Author spotlight: Jacqueline Wilson

When I was growing up, one of my favourite authors was Jacqueline Wilson. Any time my Dad ordered books from The Book People I’d always ask for a new book of hers, until it came to a point he just bought me a set to keep me quiet.

I’ve seen stage plays, films and TV shows set on her novels, and loved every second of them. Rather than the light and happy issues most books for young readers focus on, Jacqueline’s books delved a little deeper, with stories featuring domestic abuse, unemployment, divorce and bipolar disorder to mention a few.

It’s no wonder she’s one of the most beloved authors in the UK. Jacqueline told us like it was. These books formed such a huge part of my childhood, it’s hard to believe a lot of them actually pre-date me.

The Bed and Breakfast Star

Elsa’s Mam, siblings Pippa and Hank (the Tank) and (abusive) step-father Mack are forced out of their home when Mack is made redundant. The family are left with no option but to live in a local bed and breakfast, the slightly run down Royal Hotel.

Elsa tries to make light of their troubles by telling jokes to keep everyone’s spirits up (Elsa dreams of being a comedian), but her loud nature that so annoys Mack soon proves rather useful when the Royal Hotel catches fire.

Tracey Beaker

Tracey is probably Jacqueline’s best known and most loved character. The young girl has lived her whole life so far with various foster parents and in numerous care homes, but she still dreams of the day her superstar mother will return to whisk her away to LA.

Tracey has been shown a lot of neglect throughout her life, so how will she react when she meets Cam, who wants to be Tracey’s permanent foster mother?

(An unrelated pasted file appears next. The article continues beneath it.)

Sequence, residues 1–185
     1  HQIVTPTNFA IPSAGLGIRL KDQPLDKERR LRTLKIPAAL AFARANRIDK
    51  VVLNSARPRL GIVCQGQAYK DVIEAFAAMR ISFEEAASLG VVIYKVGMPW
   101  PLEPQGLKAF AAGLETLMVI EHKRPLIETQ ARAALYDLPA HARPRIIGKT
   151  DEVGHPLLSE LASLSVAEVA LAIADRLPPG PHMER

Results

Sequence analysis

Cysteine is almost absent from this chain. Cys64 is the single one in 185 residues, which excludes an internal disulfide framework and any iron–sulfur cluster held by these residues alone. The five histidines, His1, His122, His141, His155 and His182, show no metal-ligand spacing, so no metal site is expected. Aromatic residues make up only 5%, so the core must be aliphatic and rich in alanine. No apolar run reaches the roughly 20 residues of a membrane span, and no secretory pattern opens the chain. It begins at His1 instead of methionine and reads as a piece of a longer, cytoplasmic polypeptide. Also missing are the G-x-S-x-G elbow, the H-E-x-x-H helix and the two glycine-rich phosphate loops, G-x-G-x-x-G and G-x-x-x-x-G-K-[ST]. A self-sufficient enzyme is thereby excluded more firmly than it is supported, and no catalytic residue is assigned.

Double Act

Ruby and Garnet are identical twins, and live with their widowed father. They’ve all lived in perfect harmony since the death of the twin’s mother  – but that’s about to change, as Dad has a new girlfriend.

Double Act was the book that ignited my obsession with twins, and my deep wish I’d been born a multiple birth. The twins are such different characters, Ruby being very dominant and loud while Garnet was quiet and timid. But I was obsessed.

The Illustrated Mum

Dolphin and Star live with their mother Marigold, a woman covered in tattoos. While Star, the typical 14 year old, is a little repulsed by her mother’s behaviour (Marigold suffers from bipolar disorder), Dolphin idolises her mother. When Star meets her Dad and plots to run away with him and get to know him, Marigold slips into a depression that takes a drastic turn.

The Lottie Project

When Charlie runs out of ideas for a school history project, she turns to a photograph she recently saw of a young Victorian girl who is almost her double.

Charlie fabricates the life of Lottie, who is hired as a scullery maid for a wealthy London family. Soon however, some of Lottie’s life starts to merge with Charlie’s.

Charlie’s life also takes a turn when her mother Jo starts a new relationship with Mark, whose son Robin is one of the children Jo minds.


10 thoughts on “Author spotlight: Jacqueline Wilson

  1. Lottie, Illustrated Mum and Double Act are three of my favourite Jacqueline Wilsons of all time!!!! Absolutely adored them when I was younger, especially The Lottie Project. And Candyfloss, too! Thanks for the trip down memory lane.

  2. I loved Double Act (I think the whole ‘obsessed with twins’ thing helped that – me and my sister read them so glad that we liked each other unlike Ruby and Garnett, and we tried to work out which one we were similar to). My all-time favourite JW book is Lola Rose, I adore that book. It’s on my list to re-read again pretty soon!

  3. Slightly too old to have enjoyed these as a child bit got to know them through my own girls. The Lottie Project and Hettie Feather were great favourites. And what was the one about the girl whose dad was a rock star? Seem to recall enjoying that one.

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